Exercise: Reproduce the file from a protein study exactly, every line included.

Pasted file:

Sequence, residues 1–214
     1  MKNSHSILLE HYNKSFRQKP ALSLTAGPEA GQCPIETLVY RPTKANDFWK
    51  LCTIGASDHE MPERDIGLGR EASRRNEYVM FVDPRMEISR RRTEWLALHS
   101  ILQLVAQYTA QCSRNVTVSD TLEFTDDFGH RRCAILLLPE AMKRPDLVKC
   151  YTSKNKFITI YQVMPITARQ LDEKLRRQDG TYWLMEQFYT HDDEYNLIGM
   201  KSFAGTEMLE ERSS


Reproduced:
Sequence, residues 1–214
     1  MKNSHSILLE HYNKSFRQKP ALSLTAGPEA GQCPIETLVY RPTKANDFWK
    51  LCTIGASDHE MPERDIGLGR EASRRNEYVM FVDPRMEISR RRTEWLALHS
   101  ILQLVAQYTA QCSRNVTVSD TLEFTDDFGH RRCAILLLPE AMKRPDLVKC
   151  YTSKNKFITI YQVMPITARQ LDEKLRRQDG TYWLMEQFYT HDDEYNLIGM
   201  KSFAGTEMLE ERSS